TARPON SPRINGS — For the past month, city officials have been talking about getting rid of a city rule limiting tax increases. But whatever they decide won't change the fact that the rule has been effectively useless since voters approved it nearly 20 years ago.
Why? Because the change in 1995 was in direct conflict with a state law passed in 1973.
And in the ultimate irony, the lawyer who figured out in 2014 that it was illegal was the city attorney who helped craft it in 1995.
In the '70s, the state banned cities from restricting tax decisions made by governing bodies. That means Tarpon's rule, embedded in the city charter, to take drastic tax increases to a public vote (an option they've never actually employed) holds no power.
Such a vote would go against state law and could never carry weight, city attorney Jay Daigneault told commissioners last month.
Now, commissioners are considering removing the tax rate referendum requirement from the charter, the city's governing document, after public hearings later this fall.
Striking that rule would serve only to keep the charter error-free. Commissioners always had the authority to raise taxes by any amount they choose.
That's something no one told Charter Review Commission chairman John Tarapani in the '90s when he set out to restrict future commissioners from drastically raising the tax rate.
In all the time since, no one has caught the discrepancy between city and state law. Tarpon commissioners have opted for more mild tax increases, or, more recently, no increase at all. The rate has stayed flat for the last five years.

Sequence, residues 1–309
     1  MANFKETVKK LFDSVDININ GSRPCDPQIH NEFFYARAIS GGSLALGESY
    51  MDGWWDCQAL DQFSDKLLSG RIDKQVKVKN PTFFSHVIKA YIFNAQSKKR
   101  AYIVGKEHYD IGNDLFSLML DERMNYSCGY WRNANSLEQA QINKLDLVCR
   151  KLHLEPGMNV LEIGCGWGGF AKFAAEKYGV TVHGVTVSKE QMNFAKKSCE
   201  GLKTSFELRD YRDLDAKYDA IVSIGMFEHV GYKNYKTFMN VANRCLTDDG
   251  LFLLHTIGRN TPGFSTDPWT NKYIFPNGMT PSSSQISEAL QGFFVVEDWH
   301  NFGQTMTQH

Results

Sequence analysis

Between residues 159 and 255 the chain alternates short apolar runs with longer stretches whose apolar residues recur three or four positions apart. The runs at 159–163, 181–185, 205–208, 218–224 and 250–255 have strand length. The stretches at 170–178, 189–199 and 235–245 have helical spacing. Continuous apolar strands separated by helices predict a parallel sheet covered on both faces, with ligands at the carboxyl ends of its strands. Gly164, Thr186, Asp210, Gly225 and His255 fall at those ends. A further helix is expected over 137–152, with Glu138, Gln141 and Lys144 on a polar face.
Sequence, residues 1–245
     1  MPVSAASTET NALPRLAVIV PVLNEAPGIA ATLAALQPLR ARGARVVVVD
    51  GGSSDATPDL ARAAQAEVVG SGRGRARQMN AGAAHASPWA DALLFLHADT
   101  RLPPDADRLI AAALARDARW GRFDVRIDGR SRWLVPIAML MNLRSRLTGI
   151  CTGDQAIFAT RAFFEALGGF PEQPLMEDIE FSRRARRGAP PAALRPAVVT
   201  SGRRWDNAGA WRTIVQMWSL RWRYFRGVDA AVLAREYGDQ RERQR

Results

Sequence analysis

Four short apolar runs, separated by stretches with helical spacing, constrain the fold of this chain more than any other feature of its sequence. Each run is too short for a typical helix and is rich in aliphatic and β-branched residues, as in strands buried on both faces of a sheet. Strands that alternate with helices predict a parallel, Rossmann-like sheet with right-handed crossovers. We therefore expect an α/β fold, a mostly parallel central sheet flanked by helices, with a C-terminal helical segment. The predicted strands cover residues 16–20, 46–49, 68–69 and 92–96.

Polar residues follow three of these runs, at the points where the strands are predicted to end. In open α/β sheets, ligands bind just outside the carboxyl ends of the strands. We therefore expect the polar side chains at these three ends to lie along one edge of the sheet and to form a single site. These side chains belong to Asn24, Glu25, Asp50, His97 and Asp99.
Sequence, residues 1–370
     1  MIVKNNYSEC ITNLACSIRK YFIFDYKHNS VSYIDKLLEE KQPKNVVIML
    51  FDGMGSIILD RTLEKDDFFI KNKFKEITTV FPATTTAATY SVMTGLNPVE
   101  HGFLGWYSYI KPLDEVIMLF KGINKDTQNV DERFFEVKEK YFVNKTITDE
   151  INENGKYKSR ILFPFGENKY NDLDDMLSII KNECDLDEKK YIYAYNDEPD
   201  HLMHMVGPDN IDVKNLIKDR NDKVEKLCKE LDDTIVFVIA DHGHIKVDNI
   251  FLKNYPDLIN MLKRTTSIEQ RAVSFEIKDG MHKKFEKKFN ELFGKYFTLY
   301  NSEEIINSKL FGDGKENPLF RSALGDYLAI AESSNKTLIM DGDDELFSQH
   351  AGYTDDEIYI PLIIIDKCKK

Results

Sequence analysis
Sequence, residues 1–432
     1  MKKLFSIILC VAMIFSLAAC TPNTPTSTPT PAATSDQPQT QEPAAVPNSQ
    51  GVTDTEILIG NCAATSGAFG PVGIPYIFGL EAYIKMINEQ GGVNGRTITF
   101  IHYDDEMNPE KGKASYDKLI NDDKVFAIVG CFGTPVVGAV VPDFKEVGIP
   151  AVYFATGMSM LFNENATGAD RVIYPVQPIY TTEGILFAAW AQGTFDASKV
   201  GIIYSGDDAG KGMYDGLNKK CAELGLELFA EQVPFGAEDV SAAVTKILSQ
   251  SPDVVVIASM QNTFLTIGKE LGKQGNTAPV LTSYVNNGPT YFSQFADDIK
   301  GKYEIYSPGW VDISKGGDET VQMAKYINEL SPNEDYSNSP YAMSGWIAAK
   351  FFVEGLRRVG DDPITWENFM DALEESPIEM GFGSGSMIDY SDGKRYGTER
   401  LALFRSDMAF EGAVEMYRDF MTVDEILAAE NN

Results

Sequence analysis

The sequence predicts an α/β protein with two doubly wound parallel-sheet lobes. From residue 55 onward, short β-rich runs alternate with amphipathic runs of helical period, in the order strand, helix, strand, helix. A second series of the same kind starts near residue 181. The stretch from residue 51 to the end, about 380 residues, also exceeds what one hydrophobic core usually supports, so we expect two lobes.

The mistake went unnoticed by countless city officials until this summer, when former city attorney Herb Elliott combed through Tarpon's governing documents and alerted Daigneault to his own misstep 20 years before.
Elliott, who missed the error over the years while spearheading multiple rounds of the Charter Revision Commission, wasn't even a member when the group convened this summer. He spotted the issue while researching a different topic related to the charter.
It's easy to catch errors by Googling state law, a luxury no one was afforded in the mid '90s.
"What was surprising was that this was on the ballot and in the charter so long and no one really even caught it," Mayor David Archie said. "For 20 years it's been there and everyone just assumed, in terms of the attorneys … I don't think that any of them even looked at it to even do any research, because there was no need."
After learning of Elliott's catch, Vice Mayor Jeff Larsen hesitated to support removing the offending provision, as Daigneault recommended.
The question the commission faces is whether to remove a symbolic gesture: the idea that future commissioners will consider the public's opinion before hiking the tax rate.
"There's no symbolism in charters and rules," City Manager Mark LeCouris said. "We thought that symbol was based in fact."
Contact Julie Kliegman at email@example.com or (727) 445-4159. Follow @jmkliegman.